“The mediation process that led to the amicable settlement of the legal encumbrances on Ajaokuta Steel Complex has not ended. There are still a few more steps to be taken as outlined in the terms of (out of court) settlement. And the Ministry is following up on this.”
The statement further noted that it is also important to state that no one has been hired. “We find it rather worrisome that the House of Representatives could devote an entire day to an issue that has not even arisen.
“The Ministry remains committed to making Ajaokuta Steel Plant function effectively, convinced that steel remains the most important engineering material and backbone of industrialisation in any economy.”
The House resolution for the stoppage of the concession followed a motion by Rep. Ahmed Yerima (Zamfara-APC) and 24 other lawmakers.
The motion is entitled “Urgent Need to Investigate the Circumstances under Which the Federal Ministry of Mines and Steel Engaged the Globally Discredited PricewaterhouseCoopers (PwC) to audit Ajaokuta Steel Complex for Purposes of Concession.”
Moving the motion, Yerima said he was aware that Fayemi recently announced, “and it was widely published’’, that Ajaokuta Steel Company would be given out on concession after an ongoing audit.
He disclosed that audit of the company was undertaken by PricewaterhouseCoopers, which he alleged, had been discredited, “having been sanctioned in India with a two-year audit ban for infractions of over one billion dollars”.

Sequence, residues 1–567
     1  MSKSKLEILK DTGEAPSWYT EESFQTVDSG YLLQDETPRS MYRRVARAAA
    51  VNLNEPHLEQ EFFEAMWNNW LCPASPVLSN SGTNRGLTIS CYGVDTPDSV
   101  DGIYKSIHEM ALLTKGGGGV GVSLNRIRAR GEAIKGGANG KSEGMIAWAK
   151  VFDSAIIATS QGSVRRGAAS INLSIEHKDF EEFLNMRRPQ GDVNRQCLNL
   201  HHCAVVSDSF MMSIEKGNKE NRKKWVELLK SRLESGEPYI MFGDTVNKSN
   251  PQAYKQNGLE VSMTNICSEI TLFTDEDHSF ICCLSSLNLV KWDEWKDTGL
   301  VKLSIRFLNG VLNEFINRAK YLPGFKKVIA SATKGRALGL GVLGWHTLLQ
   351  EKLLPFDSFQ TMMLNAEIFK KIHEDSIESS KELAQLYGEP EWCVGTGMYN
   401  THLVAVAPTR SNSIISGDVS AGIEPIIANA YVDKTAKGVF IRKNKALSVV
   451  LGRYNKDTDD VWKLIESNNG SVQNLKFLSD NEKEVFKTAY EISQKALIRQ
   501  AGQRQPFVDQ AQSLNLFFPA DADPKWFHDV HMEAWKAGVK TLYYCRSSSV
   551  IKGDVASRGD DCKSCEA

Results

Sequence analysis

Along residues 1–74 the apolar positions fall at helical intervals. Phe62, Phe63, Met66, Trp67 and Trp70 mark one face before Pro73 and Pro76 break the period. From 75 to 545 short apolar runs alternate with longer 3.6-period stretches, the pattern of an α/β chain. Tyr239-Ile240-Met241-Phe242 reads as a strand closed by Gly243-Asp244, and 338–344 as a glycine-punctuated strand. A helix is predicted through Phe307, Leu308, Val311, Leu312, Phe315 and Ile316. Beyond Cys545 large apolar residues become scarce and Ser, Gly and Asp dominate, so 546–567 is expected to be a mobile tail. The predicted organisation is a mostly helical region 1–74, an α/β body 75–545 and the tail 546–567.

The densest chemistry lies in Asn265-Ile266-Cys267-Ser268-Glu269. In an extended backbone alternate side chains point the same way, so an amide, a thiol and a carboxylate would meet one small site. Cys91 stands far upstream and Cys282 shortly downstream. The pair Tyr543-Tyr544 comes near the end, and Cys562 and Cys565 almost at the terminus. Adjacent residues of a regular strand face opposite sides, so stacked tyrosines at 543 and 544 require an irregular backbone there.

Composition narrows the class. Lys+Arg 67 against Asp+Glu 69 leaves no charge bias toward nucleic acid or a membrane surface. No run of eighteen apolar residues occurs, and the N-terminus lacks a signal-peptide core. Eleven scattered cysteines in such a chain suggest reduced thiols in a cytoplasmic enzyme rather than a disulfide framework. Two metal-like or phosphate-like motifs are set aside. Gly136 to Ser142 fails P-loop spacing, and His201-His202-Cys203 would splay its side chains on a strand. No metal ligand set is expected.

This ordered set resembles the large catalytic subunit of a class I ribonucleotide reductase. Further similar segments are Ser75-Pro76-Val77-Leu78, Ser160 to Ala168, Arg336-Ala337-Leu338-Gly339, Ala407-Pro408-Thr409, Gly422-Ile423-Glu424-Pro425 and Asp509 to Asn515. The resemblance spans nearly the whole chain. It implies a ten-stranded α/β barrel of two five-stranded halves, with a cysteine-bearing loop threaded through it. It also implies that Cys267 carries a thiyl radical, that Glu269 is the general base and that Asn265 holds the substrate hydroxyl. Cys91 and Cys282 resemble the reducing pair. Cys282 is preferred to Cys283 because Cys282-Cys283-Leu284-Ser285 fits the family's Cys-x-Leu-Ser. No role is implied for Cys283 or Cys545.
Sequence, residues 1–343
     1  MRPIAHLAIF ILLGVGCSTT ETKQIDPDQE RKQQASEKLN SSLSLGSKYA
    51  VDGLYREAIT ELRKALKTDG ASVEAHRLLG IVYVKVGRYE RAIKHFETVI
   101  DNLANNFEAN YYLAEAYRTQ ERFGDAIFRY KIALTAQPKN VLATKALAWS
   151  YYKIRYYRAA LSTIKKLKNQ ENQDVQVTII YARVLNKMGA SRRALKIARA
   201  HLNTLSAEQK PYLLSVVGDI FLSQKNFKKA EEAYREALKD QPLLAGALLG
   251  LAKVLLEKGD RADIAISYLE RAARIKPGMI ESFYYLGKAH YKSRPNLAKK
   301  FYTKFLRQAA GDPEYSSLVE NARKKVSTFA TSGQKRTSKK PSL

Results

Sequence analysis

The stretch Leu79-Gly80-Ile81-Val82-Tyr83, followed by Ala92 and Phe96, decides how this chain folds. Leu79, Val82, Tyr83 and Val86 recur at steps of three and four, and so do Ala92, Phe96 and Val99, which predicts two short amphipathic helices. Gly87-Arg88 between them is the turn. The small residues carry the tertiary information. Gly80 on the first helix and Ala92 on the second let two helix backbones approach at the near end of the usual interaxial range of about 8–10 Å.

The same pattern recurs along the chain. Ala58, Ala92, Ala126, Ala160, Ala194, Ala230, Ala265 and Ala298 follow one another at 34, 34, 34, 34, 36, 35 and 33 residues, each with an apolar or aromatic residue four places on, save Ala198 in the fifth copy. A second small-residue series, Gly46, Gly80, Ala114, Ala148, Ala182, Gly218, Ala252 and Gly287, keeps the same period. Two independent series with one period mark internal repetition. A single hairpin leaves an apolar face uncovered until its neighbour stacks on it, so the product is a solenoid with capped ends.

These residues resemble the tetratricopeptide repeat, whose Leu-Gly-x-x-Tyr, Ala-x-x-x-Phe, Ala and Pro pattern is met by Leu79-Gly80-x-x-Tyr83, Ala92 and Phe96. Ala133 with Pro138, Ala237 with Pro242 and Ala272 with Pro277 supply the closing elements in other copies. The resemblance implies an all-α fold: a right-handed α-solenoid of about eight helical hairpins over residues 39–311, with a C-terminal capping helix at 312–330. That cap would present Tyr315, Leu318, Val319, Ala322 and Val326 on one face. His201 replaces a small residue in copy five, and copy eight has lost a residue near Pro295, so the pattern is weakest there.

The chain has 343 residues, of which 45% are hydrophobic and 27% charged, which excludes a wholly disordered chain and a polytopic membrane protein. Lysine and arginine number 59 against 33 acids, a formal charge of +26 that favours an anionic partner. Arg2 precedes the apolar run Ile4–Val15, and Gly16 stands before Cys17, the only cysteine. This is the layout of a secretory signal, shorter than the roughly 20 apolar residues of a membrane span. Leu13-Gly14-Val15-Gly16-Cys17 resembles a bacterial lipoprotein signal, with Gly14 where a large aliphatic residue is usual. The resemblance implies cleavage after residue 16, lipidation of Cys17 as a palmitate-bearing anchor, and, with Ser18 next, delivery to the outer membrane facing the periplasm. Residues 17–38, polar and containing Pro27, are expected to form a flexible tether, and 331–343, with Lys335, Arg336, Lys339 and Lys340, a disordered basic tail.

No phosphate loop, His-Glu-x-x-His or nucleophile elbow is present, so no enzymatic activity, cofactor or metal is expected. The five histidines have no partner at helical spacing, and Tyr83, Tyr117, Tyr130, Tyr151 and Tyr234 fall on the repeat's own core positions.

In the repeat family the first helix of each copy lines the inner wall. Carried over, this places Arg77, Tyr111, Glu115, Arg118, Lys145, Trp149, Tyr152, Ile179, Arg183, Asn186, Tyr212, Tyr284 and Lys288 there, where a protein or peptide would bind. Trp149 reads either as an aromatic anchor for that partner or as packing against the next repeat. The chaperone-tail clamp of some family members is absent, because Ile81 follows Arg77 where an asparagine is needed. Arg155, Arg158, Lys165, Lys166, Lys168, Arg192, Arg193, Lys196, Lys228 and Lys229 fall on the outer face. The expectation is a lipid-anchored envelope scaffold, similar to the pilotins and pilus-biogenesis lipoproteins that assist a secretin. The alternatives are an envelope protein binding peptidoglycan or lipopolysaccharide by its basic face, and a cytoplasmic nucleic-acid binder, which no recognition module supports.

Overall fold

The lawmaker said that the firm was also sanctioned in Brazil for which it paid 50 million dollars as fine, and was fined in the United Kingdom for 5.1 million pounds.
He also said that the firm paid 225 million dollars and 25 million dollars, respectively, as fines to TYCO shareholders in the U.S and Bank of Tokyo-Mitsubishi for laundering money for Iran, Sudan and Myanmar.
He added that it was blacklisted for roles in terrorism and human rights abuses, among other infractions and irregularities in its operations, “which has left its reputation in tatters.”
Yerima expressed concern by the allegation that PricewaterhouseCoopers was informally engaged by Global Steel to assist and advise them on how to recover Ajaokuta Steel Company and National Iron Ore Company (NIOMCO), Itakpe, from the Federal Government.
He said he was worried that the minister engaged a company whose antecedents may suggest that they were engaged to audit and prepare reports which may skew the outcome in a preconceived manner.
According to him, it may have done to favour parties which the minister may have lined up or which may represent the interests of their former clients (GINL).